Where the Wild Things Are: Talking About Being Pagan

Originally posted to ‘BackWash: Where the Wild Things Are’ newsletter, January, 16, 2003.

Staying safe, in your own safe little world. Is that where you are? Many of us choose our adventures, how far we will go depends on where we have our safety nets.

For instance, have you told anyone you’re Pagan? Have you told your family, friends, co-workers, boss? I’m not suggesting you rush out and do it. I’m certainly not daring you to tell them either. It’s a personal thing. Being Pagan is a personal thing in itself. A personal choice and something just for you.

It should not, however, be some dark secret. Something deep, dangerous and naughty. That’s not what Paganism should be. It’s not something you should have to hide from your family. Being Pagan is about caring for life, the Earth and old traditions. How can they really object to that? Still, you can find the safety zone. You can let them know you’re into nature, environmental issues and historical traditions. You can be Pagan without saying the word Pagan to them.

People don’t always get that. They think they have to hide being Pagan because others won’t like it or will be shocked by it. They turn it into a deep, dark secret. By doing that they make it become something dark, secret. No wonder so many people still think of Pagans as devil worshippers.

You have the power to find where your safe world is, set the boundaries and set the record straight if you choose to. Let people know you’re Pagan, if you can or if you choose to. But, don’t make it some dark mystery. Don’t let them find an altar, a book or a pentacle in your room without explanation. If you make being Pagan something to be ashamed of or fear you hurt all of us.

Instead be proud of who you are and be as honest about it as you can. For me, the only person I couldn’t talk to about being Pagan was my Grandmother. It scared her. She couldn’t think of it as anything but dangerous for me. She didn’t understand that it’s not something dark, but something light. She didn’t know what I made of being Pagan, for me. She only knew the stereotypes she had heard all her life.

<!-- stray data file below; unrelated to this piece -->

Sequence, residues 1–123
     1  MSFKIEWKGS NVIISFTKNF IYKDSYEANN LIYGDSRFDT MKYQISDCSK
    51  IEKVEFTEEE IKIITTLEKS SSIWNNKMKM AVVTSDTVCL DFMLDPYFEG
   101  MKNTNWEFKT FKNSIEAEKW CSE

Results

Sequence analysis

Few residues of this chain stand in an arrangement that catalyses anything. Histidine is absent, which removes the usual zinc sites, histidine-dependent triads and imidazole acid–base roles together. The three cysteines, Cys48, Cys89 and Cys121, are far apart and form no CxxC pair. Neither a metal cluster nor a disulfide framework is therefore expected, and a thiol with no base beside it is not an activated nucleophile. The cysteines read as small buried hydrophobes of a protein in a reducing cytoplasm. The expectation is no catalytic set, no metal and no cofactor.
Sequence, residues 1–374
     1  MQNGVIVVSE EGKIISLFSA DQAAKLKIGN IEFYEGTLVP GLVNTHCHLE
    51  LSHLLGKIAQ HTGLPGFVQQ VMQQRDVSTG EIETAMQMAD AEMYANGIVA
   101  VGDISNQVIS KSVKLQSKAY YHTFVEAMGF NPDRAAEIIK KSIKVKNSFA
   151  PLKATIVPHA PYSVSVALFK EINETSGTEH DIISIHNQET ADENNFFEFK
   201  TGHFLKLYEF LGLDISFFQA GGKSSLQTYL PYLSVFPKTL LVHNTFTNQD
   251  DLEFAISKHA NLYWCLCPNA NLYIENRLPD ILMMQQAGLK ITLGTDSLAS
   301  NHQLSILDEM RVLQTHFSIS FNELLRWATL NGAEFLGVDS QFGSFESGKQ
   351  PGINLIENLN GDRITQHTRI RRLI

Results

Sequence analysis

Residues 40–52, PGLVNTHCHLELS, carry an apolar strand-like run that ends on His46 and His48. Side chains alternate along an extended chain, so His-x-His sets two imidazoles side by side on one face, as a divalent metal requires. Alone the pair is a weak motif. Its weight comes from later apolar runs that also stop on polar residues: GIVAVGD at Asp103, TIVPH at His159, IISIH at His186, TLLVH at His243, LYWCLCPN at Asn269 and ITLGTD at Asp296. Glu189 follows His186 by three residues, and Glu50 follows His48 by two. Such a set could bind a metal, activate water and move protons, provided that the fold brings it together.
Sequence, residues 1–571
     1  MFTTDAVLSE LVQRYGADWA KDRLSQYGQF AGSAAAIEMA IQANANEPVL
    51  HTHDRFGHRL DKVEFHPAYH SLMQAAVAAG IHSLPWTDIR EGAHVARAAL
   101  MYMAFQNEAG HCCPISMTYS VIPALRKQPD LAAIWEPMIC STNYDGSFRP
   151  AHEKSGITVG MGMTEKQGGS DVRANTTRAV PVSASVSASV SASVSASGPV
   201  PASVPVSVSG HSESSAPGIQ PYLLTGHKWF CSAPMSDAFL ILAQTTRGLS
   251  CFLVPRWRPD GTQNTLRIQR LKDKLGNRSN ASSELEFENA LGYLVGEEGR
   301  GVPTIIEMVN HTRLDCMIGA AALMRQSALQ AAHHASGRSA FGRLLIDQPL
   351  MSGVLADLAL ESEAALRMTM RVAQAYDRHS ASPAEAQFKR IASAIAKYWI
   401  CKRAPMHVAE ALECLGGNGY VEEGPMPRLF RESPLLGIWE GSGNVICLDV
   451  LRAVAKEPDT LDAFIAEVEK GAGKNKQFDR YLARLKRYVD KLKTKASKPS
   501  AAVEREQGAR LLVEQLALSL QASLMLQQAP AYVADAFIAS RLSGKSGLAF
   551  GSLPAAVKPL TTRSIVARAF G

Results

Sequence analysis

Book of Shadows

Originally written for The Crying Clown Zine (c. 1998)

The Book of Shadows could be called The Book of Life. Just the opposite of the Egyptian Book of the Dead (A series of spells to help the dead travel to and exist in the afterlife.) The Book of Shadows (BOS, for short) contains notes Wiccans have made along their journey of life and learning. Grimoire (A book of magickal spells and techniques) is more Medieval than Book of Shadows but they serve the same basic purpose.

Essentially, the Book of Shadows is a workbook containing ritual patterns, rules governing magick, instructions for circle casting and banishing, religious rituals, the consecration of tools, herbal lore, herbal recipes, dreams, divination results and personal thoughts and experiences. It is the Book of Shadows, which keeps the traditions of a solitary or coven alive. Without the Book, everything would be passed on from word of mouth with the chance of being forgotten, lost or misinterpreted.

A coven will keep a Book of Shadows so members can record and memorize the coven’s rituals in their own Books of Shadows. Some contain lists of the pantheon, training exercises and initiation ceremonies. Books can be passed from one Wiccan to another, usually on initiation. Often each individual Wiccan creates their Book and keeps it to themselves.

Until recently, a Book of Shadows was always hand written. With all the advances in multi-media today a Book of Shadows can be a Disk of Shadows. Some Books (or parts of them) are published on the Internet. Typed and photocopied Books are also common. You may choose to have more than one copy or form of your Book. One can be hand written, the other can be preserved on a disk or photocopied for safe keeping.